March 1 (Bloomberg) -- CME Group Inc. sparred with the Vanguard Group Inc. and other derivatives buyers over whether U.S. regulators should extend collateral-protection rules designed for the swaps market to the futures industry following the collapse of MF Global Holdings Ltd.
Speaking yesterday at the opening of a two-day roundtable organized by the U.S. Commodity Futures Trading Commission, derivatives buyers including Tudor Investment Corp. and Fidelity Investments urged the commission to add the new collateral-segregation standards to the futures market.
“We know it’s going to cost more. We know it might increase margining. There are a bunch of buy-side participants who are willing to pay more,” said John Torell, Tudor’s chief financial officer.
Tim Doar, managing director at CME, the world largest futures exchange, said the agency shouldn’t “rush to judgment” with regulatory changes.
The CFTC, Securities and Exchange Commission and Justice Department are investigating the collapse of MF Global. The New York-based broker filed for bankruptcy last year and the trustee overseeing the liquidation has estimated a $1.6-billion gap between customer claims and the amount available to pay them.
The CFTC voted 4-1 in January to adopt final Dodd-Frank Act regulations for the swaps market that would protect clients’ collateral if their broker defaults, while also allowing the customer funds to be pooled before a bankruptcy. Regulators should not move too quickly to put “a single customer protection standard in place for these diverse markets,” Doar said at the roundtable.
CFTC Chairman Gary Gensler has asked the agency’s staff to develop recommendations for oversight of the futures markets’ system of self regulation. The roundtable is an early step toward possible regulatory changes. “There will be significant public input” on any changes to be proposed by the CFTC, Gensler told lawmakers yesterday at a House Agriculture Committee hearing.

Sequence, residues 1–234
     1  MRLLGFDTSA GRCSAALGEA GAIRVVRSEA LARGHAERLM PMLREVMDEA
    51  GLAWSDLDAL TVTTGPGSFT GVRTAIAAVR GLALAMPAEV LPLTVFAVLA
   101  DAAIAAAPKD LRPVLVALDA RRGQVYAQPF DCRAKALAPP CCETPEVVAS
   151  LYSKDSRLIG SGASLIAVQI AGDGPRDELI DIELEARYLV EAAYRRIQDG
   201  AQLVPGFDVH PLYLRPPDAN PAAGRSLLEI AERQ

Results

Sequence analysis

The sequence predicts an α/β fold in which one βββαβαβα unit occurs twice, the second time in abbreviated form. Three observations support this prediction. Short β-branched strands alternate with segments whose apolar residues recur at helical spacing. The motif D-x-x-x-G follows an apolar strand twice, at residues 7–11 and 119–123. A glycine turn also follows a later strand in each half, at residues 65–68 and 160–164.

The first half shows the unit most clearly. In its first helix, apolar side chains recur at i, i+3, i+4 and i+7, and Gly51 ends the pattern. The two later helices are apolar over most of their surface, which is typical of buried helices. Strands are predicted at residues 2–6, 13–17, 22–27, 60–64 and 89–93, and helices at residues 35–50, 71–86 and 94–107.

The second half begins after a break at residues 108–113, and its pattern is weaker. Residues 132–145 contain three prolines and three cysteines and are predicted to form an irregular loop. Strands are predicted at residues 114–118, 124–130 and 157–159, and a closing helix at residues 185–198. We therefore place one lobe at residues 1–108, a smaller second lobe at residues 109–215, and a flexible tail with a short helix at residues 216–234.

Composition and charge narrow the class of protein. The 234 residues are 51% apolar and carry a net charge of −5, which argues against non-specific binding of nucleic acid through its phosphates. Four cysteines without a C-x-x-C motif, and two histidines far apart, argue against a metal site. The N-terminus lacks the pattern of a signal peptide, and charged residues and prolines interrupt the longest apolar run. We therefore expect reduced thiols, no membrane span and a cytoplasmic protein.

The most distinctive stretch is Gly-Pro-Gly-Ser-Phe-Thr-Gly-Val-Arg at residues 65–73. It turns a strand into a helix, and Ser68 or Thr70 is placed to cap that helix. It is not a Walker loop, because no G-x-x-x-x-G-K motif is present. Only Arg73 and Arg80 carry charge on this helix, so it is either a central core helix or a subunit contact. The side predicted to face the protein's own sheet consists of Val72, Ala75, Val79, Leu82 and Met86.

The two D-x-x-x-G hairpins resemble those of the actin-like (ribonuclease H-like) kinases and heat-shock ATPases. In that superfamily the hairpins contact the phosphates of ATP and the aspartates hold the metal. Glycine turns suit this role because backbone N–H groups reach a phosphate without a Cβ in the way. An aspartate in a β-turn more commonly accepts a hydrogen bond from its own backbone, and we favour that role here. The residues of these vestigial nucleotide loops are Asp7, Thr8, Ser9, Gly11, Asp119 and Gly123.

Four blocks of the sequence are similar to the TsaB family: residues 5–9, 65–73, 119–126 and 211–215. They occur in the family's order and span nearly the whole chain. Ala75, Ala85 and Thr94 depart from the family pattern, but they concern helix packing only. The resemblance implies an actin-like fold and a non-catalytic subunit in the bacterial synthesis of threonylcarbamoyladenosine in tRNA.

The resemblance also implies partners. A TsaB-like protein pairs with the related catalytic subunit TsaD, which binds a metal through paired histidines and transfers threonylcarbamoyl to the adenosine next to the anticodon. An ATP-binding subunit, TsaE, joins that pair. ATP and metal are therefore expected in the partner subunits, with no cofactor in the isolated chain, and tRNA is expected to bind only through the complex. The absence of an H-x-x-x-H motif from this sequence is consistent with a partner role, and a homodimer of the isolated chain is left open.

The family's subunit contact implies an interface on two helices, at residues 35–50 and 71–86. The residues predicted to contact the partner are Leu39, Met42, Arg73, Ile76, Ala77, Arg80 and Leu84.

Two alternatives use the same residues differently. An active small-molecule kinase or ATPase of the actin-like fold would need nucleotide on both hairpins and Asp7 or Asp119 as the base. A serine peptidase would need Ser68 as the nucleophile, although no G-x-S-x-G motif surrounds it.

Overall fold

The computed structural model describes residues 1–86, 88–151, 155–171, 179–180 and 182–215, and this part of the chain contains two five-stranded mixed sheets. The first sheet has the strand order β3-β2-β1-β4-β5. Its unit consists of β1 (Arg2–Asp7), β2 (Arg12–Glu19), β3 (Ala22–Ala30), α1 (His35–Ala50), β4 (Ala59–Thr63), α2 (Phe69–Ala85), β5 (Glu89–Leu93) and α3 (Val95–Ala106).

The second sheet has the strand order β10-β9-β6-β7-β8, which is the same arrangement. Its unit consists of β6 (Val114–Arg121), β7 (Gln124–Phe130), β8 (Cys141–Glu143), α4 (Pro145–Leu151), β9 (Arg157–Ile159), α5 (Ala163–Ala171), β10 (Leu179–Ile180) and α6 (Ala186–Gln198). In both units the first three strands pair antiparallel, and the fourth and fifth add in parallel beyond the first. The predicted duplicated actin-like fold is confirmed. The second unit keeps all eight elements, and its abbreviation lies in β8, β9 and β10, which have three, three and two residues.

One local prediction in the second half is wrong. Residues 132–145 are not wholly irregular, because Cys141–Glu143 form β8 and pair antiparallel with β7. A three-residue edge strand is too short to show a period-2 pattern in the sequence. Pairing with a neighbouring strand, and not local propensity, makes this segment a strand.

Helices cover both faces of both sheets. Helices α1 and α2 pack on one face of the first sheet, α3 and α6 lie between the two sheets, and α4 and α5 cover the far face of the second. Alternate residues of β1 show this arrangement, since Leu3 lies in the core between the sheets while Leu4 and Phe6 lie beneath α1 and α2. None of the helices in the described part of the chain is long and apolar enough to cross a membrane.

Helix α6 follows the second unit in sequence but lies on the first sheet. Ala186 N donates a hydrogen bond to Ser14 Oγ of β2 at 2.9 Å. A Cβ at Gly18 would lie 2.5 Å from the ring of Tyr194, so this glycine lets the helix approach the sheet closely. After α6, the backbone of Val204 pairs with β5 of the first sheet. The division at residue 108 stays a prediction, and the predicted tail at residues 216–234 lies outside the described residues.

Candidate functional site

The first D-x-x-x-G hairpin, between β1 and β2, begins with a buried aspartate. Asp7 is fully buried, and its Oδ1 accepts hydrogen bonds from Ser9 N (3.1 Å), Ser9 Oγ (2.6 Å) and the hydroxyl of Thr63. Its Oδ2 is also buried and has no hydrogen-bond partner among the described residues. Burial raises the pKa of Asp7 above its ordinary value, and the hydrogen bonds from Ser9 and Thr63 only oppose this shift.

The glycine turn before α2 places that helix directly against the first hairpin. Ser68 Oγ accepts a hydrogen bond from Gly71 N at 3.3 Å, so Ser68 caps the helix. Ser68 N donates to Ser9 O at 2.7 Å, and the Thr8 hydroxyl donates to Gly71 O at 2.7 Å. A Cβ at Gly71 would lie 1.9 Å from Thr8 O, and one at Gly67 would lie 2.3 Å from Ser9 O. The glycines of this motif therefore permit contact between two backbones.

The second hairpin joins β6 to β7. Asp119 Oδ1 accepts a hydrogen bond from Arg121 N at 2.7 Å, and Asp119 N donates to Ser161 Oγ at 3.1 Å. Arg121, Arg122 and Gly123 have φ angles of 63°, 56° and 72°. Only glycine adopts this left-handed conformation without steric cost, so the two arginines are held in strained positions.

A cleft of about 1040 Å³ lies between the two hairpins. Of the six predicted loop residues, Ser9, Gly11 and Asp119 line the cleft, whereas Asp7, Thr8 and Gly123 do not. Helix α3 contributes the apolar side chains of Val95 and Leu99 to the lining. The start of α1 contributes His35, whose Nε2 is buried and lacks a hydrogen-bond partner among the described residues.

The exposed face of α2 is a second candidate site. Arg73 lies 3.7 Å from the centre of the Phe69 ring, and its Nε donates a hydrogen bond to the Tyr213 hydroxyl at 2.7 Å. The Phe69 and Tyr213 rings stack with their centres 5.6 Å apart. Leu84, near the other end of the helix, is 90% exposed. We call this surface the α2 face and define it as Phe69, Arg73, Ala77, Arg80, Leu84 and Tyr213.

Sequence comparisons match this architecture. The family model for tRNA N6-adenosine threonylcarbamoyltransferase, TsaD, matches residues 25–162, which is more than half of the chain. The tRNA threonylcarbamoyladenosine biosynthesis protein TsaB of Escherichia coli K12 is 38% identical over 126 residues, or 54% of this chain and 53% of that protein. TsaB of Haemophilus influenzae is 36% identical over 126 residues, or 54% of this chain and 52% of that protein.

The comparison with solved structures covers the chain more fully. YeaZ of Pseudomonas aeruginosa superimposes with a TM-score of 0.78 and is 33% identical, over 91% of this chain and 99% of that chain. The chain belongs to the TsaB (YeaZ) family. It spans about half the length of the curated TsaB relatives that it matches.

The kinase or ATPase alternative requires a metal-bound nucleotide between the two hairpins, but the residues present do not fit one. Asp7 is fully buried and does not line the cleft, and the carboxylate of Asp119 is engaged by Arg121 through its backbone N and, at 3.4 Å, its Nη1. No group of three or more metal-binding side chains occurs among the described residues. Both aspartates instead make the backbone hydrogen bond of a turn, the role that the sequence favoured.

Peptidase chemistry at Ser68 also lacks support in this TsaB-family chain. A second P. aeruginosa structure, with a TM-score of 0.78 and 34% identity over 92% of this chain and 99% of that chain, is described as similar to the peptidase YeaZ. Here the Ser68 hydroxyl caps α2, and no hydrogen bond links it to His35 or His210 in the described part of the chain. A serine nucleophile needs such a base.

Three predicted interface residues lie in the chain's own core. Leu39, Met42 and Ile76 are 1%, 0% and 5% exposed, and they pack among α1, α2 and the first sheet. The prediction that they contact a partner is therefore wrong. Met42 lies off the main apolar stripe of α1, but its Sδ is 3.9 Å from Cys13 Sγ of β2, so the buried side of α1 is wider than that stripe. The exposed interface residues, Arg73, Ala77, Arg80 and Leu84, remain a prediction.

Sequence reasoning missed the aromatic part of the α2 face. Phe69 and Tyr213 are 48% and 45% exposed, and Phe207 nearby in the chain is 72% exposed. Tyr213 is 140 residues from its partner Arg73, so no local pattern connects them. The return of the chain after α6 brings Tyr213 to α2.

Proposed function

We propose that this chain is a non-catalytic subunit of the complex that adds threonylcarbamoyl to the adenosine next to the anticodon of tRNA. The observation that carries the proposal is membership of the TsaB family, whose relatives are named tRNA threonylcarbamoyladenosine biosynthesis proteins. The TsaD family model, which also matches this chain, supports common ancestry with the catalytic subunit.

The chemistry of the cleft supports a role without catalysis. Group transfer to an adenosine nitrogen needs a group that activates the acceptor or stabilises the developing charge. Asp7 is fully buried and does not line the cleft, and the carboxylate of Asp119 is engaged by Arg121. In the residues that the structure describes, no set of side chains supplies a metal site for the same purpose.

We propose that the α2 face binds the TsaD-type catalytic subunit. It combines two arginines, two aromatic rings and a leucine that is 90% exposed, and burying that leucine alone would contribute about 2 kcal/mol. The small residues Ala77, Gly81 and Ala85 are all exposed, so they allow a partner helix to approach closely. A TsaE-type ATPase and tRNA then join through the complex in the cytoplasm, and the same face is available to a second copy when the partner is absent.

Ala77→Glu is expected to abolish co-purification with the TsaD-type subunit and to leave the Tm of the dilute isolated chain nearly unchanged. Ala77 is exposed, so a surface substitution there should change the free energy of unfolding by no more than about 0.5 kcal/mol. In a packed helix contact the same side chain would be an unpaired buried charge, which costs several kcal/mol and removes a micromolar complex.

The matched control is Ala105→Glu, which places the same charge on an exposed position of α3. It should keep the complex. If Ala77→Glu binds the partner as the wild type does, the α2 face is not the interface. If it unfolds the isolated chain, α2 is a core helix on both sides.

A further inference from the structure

The review of regulatory ideas stemming from the MFGlobal collapse may lead to recommendations for changes requiring congressional action, according to a Jan. 26 letter from Jill E. Sommers, a Republican commissioner, to Senator Pat Roberts, a Kansas Republican. Sommers is overseeing the agency’s work on the collapse of MF Global.
The Futures Industry Association, a Washington-based trade group, recommended more rigorous reporting and internal controls for brokerages following the MF Global collapse. Brokerages should be required to submit daily reports of how much customer money must be held separate from the firm’s own money to their self-designated regulator, often a clearinghouse the firm uses, the association said in a statement yesterday.
The group, which represents the banks, brokerages and asset managers active in the exchange-traded derivatives market, also recommended that firms file twice-monthly accounts of how customer money is being invested.
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